What is a Postdoc?
Although postdoctoral education has played an important role in the United States for more than 100 years, Oregon State University and other research universities are paying increased attention to the role that postdocs play and to the need to assist postdocs prepare for their careers.
Oregon State University accepts the definition of a postdoctoral appointment from the American Association of Universities, Committee on Postdoctoral Education, Report and Recommendations, March 31, 1998.
- The appointee was recently awarded a Ph.D. or equivalent doctorate (e.g. Sc.D., M.D.) in an appropriate field; and
- The appointment is temporary; and
- The appointment involves substantially full-time research or scholarship; and
- The appointment is viewed as preparatory for a full-time academic and/or research career; and
- The appointment is not part of a clinical training program; and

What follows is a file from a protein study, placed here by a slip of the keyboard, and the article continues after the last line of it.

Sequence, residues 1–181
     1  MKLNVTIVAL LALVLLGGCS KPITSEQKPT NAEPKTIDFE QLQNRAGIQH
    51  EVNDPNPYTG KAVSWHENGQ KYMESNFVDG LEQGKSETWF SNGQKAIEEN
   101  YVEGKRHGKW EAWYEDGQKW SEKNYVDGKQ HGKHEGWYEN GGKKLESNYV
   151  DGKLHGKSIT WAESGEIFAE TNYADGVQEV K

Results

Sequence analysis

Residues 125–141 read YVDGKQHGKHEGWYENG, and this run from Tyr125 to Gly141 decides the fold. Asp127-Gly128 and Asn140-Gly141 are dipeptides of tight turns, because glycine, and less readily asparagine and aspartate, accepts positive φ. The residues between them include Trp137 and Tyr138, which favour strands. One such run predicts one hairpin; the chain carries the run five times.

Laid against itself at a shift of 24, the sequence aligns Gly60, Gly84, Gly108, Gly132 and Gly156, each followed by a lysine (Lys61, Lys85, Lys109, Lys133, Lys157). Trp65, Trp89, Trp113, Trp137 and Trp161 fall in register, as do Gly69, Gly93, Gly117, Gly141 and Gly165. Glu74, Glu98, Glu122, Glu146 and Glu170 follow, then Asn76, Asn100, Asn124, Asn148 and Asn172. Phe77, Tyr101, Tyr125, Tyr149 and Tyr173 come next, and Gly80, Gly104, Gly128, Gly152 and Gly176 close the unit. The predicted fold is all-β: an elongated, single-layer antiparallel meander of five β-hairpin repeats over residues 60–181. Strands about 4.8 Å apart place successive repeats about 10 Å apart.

- The appointee works under the supervision of a senior scholar or a department in a research university or similar research institution (e.g., national laboratory, NIH, etc.); and
- The appointee has the freedom, and is expected, to publish the results of his or her research or scholarship during the period of the appointment.
The National Institutes of Health and the National Science Foundation have adopted a defintion of postdoctoral scholar.
Their "definition, which emphasizes the importance of mentored training during the postdoctoral period,
will be used for all postdoctoral scholars supported by funding from NIH or NSF."
They state that a postdoctoral scholar is:
"An individual who has received a doctoral degree (or equivalent) and is engaged in a temporary and defined period of
mentored advanced training to enhance the professional skills and research independence needed to pursue his or her chosen career path."